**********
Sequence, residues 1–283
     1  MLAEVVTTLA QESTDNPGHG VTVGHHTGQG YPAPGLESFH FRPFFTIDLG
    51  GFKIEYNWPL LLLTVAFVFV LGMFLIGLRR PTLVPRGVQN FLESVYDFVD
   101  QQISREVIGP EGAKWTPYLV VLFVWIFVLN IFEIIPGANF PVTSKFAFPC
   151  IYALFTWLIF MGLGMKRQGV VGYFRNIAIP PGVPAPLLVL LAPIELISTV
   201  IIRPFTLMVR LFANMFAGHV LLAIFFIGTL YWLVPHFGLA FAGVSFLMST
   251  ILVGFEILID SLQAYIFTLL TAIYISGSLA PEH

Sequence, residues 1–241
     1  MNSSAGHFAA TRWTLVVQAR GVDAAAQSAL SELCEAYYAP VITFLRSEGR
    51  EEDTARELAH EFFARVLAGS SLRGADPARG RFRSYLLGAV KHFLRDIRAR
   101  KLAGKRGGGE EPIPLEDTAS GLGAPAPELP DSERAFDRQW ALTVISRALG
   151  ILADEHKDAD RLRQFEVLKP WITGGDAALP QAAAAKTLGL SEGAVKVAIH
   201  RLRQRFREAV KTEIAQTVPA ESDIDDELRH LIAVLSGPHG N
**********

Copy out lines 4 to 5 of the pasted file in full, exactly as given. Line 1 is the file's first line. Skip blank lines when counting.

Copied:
   101  QQISREVIGP EGAKWTPYLV VLFVWIFVLN IFEIIPGANF PVTSKFAFPC
   151  IYALFTWLIF MGLGMKRQGV VGYFRNIAIP PGVPAPLLVL LAPIELISTV